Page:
The dollar came off recent highs against its peers today on thin volume traded however was still supported by increasing predictions that the Federal Reserve will increase rates soon. The market grew optimistic that the US economy would maintain its current trajectory of recovery following recent economic data which revealed a down turn at the beginning of the year. The US dollar index posted a reading of 99.74 just shy of its 1 month high of 100.27.
The euro weakened against the dollar with the pair trading at its 1.05 handle not far from its 1 month low of 1.0521. Continuing doubt surrounding whether Greece will secure its bailout put further pressure on the euro. Greek officials have yet to have their proposed economic reforms approved by creditors. The euro has declined approximately 13% since the beginning of this year following the European Central Bank’s introduction of its stimulus program.
The pound strengthened against the dollar coming off its 5 year low of 1.4566. Data released out of the UK on Friday which revealed that UK industrial production ticked up by 0.1% in February compounding expectations of a 0.4% increase continued to weigh down the pound. The discouraging data generated pessimism over UK economic growth for the first quarter of this year. The pound also strengthened against the euro.
The yen held its ground against the dollar with the pair seeing some volatility today coming close to testing its 121 handle. Koichi Hamada, Japanese Prime Minister Abe’s advisor, made comments today which triggered the volatility. Hamada stated that the Bank of Japan’s monetary policy is achieving its desired results, that as Japanese stock prices increase so will consumption, and that yen at 120 is weak given purchasing parity and at 105 is appropriate. The pair declined following the remarks but soon bounced back.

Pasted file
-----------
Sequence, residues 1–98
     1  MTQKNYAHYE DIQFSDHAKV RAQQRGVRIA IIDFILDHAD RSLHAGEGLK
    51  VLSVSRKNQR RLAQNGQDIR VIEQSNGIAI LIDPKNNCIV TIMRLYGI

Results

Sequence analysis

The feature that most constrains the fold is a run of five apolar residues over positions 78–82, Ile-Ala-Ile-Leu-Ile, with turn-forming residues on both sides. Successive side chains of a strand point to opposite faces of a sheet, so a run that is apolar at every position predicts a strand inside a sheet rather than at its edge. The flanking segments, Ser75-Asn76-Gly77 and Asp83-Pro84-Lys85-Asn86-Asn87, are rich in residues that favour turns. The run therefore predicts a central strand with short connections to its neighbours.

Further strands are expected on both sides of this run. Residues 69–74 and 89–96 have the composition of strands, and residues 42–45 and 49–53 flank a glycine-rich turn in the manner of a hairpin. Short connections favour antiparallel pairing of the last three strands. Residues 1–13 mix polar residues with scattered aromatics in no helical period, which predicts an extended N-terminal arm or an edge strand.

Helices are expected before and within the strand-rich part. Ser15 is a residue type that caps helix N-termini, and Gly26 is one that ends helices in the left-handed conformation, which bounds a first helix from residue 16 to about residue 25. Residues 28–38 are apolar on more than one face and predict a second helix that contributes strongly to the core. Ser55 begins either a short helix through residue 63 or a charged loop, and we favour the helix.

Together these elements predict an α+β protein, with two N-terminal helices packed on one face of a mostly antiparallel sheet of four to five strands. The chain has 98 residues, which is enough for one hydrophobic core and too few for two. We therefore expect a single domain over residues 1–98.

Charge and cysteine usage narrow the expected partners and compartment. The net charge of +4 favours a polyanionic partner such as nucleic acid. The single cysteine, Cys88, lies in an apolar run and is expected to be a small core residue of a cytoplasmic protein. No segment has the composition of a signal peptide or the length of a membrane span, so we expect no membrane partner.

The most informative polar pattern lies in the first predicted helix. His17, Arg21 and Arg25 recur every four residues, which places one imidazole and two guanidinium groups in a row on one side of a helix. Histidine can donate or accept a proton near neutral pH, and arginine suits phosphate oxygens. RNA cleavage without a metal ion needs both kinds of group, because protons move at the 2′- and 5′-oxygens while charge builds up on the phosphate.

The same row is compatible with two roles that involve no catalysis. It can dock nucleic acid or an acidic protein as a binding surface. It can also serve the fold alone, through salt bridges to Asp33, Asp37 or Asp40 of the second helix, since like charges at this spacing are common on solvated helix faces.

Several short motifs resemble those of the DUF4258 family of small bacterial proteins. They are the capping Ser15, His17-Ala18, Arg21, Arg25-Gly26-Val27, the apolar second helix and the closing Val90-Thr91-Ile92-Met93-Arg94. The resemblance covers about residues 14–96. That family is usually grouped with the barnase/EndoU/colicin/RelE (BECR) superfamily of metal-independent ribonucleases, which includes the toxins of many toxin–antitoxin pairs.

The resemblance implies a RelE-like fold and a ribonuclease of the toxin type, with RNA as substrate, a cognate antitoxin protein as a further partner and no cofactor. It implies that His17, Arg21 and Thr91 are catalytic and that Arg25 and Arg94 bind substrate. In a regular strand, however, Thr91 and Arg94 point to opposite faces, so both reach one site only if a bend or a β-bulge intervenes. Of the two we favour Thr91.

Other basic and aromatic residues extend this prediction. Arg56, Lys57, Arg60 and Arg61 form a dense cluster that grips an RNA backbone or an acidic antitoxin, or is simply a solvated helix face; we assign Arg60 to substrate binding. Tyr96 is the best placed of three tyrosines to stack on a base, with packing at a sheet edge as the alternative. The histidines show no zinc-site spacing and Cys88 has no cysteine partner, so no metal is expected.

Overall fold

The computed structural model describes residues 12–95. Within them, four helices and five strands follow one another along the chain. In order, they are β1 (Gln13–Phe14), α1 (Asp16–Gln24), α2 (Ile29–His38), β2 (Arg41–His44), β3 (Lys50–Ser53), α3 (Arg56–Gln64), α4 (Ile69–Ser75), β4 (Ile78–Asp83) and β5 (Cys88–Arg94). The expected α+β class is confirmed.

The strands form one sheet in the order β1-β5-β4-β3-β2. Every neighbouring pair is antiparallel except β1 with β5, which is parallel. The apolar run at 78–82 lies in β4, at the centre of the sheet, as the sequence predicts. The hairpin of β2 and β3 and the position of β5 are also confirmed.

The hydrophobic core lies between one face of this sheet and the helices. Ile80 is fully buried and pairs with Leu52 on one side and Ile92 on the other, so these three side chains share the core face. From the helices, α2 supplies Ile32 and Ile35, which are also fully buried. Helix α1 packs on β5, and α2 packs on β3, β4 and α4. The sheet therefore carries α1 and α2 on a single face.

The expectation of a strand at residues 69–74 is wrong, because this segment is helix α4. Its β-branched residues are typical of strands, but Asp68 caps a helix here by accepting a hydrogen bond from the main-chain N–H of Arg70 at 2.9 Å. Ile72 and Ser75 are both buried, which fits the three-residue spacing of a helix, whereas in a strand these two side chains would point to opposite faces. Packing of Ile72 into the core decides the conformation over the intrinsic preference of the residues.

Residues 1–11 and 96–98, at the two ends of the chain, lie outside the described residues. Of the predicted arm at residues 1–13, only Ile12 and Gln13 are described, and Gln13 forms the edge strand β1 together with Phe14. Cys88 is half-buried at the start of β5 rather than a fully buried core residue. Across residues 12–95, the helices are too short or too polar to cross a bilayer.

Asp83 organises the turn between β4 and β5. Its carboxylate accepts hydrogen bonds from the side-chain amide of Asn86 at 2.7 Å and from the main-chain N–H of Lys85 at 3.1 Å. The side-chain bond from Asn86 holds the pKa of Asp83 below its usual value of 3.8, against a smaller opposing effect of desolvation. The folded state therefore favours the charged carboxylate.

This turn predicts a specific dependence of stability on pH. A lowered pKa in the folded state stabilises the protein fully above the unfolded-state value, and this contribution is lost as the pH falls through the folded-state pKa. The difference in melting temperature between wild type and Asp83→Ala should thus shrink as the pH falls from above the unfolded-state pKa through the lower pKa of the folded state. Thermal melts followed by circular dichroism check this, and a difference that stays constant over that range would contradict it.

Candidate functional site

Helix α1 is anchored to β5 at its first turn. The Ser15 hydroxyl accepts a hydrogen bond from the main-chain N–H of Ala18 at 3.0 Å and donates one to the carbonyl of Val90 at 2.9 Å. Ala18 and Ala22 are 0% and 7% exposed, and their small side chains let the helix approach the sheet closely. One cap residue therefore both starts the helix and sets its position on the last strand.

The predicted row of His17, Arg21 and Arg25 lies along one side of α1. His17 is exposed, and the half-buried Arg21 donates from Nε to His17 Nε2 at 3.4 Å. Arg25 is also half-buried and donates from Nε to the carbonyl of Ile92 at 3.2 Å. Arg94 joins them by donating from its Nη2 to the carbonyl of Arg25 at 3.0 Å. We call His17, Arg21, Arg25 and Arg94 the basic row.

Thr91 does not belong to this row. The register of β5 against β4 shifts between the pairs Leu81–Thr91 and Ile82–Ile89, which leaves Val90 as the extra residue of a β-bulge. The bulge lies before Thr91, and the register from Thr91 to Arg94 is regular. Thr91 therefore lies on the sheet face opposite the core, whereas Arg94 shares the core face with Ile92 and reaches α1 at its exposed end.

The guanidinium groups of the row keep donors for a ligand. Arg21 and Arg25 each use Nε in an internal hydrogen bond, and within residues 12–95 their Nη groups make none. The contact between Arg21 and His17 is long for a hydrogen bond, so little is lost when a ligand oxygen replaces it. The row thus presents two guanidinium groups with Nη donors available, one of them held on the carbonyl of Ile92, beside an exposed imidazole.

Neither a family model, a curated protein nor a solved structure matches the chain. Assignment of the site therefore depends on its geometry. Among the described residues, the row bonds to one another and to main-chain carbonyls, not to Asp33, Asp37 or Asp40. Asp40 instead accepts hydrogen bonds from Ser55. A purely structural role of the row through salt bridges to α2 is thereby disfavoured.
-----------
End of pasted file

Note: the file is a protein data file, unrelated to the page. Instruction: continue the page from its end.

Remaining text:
The Australian, New Zealand and Canadian dollars were considerably weaker against the greenback. The Aussie and kiwi dollars tanked roughly 1.5% while the loonie lost roughly 0.2%. These commodity and export associated currencies grew vulnerable following the release of data which revealed that China’s trade surplus decreased from $60.6 billion in February to $3.08 billion in March. Experts had forecast the trade surplus to drop to $45.35 billion in March.
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